The content below was posted at Modigliani, now a redirect. Charles Matthews 11:25, 11 Dec 2004 (UTC)

Jeanne Hebuterne in Red Shawl

Amadeo Modigliani (1884-1920) was an Italian painter and sculptor who was concerned with simplicity of line and form in the human figure. He is popularly known for his oval-faced portraits of friends and acquaintances.

Modigliani's style was unique among his contemporaries in Paris, surrounded as he was by artists experimenting with impressionism, surrealism, and cubism.

Ill health, in particular pneumonia and tuberculosis, affected him throughout his life. He died of tubercular meningitis at the age of 36. His fame rocketed after his death, and he is now considered the leading artist of the Paris School.

Recent sale[edit]

I added fact about the recent sale of a Modigliani painting of his then lover, Jeanne. I site the following link : http://news.bbc.co.uk/2/hi/entertainment/4118496.stm .

I am somewhat bothered by the statement "...and the few paintings that change hands can sell for more than $15.6 million." Exactly where does the figure $15.6 million come from ?

Thanks to everybody who has contributed to this article !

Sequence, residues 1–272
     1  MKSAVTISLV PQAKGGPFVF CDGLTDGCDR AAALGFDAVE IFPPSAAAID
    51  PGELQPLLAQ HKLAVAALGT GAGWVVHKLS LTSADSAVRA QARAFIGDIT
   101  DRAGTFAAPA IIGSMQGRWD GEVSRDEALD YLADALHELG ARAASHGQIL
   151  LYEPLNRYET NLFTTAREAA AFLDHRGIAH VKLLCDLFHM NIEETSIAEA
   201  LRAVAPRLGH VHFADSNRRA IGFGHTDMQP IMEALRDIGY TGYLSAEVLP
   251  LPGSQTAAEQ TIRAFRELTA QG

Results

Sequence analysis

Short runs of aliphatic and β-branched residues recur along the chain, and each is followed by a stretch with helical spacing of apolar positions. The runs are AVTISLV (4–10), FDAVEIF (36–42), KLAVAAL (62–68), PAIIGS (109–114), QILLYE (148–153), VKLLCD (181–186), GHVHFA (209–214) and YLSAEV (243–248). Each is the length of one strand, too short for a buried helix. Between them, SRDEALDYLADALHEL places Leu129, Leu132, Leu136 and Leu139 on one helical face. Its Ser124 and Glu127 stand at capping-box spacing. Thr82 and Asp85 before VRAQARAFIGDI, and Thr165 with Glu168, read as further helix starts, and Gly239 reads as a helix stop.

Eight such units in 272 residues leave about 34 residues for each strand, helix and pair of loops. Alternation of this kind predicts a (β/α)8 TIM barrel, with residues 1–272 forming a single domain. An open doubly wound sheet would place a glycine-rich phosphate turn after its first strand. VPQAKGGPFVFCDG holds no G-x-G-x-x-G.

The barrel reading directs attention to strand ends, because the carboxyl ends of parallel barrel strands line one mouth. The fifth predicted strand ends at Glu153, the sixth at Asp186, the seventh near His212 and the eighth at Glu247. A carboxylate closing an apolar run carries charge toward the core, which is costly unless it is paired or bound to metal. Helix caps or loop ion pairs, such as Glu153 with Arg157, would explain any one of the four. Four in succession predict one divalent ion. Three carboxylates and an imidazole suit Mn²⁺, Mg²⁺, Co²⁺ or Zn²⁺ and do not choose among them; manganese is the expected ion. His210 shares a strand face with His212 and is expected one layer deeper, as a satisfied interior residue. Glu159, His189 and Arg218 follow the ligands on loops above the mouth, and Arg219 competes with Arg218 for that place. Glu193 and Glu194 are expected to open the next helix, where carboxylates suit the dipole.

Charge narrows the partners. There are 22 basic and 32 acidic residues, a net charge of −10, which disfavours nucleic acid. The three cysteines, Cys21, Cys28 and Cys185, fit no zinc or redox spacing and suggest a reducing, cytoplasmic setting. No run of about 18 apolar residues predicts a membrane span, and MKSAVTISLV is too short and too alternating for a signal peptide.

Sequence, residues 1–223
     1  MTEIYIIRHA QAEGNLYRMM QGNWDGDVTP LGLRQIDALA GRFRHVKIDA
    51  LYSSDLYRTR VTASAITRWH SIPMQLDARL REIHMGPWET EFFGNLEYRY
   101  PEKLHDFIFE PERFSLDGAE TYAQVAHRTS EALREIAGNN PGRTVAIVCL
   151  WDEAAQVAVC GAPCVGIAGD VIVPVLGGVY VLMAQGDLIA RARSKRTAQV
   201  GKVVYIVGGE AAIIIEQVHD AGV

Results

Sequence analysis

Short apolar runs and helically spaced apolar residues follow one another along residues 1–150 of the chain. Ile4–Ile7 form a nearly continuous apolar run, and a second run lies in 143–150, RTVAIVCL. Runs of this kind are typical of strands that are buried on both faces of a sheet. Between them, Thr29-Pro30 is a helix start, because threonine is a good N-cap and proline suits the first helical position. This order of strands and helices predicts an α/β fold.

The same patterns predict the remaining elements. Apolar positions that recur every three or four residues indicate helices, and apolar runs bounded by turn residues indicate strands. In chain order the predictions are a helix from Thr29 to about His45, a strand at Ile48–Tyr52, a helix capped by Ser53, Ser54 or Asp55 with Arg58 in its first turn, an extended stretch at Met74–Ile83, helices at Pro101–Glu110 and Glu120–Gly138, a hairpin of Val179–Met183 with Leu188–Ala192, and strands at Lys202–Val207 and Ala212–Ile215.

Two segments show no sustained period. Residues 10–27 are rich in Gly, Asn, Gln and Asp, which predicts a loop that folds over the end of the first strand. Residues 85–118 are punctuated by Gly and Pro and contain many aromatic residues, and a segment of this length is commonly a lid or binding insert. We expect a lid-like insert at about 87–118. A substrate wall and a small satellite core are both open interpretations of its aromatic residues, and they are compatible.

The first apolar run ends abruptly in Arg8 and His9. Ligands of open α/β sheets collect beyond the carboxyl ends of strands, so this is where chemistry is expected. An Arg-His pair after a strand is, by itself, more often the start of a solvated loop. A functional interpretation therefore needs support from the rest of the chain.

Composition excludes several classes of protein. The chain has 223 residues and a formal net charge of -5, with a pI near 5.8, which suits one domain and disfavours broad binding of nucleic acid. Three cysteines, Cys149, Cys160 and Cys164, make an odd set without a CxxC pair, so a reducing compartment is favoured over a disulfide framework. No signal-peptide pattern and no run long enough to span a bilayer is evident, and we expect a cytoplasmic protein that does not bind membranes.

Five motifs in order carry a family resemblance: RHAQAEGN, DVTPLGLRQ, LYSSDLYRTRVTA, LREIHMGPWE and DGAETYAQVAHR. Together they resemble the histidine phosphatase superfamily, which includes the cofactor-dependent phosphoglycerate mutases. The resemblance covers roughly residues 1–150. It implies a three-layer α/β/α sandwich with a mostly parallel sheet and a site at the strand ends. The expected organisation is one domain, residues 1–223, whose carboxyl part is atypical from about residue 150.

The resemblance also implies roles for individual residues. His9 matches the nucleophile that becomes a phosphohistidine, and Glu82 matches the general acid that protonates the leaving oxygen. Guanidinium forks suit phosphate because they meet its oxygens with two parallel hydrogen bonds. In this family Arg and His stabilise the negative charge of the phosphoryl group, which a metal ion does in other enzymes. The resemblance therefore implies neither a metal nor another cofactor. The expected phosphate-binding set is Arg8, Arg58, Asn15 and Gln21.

- KLestes

Maybe it was one of the multitude of fakes created by Elmyr de Hory? The Clifford Irving book, Fake!, of 1969 has 35 pages mentioning the times de Hory created Modigliani drawings (which he would knock out by the dozens) & paintings as well as the ease he had selling them to galleries and Algur Meadows (either personally or thru his "sales agent", Fernand Legros). Clifford Irving was de Hory's next door neighbor on the Spanish island of Ibiza. Irving of course is famous in his own right for the Howard Hughes diary hoax.

Fake! -- LoC #72-86087. A good read. — Preceding unsigned comment added by Dbryant 94560 (talkcontribs) 01:07, 5 April 2018 (UTC)

Overemphasis on personal life[edit]

I was quite surprised to see what a small proportion of this page was devoted to Modigliani's art. No doubt his personal life is relevant, but at the moment the page reads like tabloid character assassination (e.g. philanderer in the first paragraph), virtually ignoring his significance as a portrait painter. Furthermore a lot of the details about his personal life, particularly his sexual exploits, are unsourced and fail to make the distinction between legend and events which are actually known to have happened. I don't have the knowledge to fix this myself, so am adding a standards tag. Zargulon 12:26, 5 August 2006 (UTC)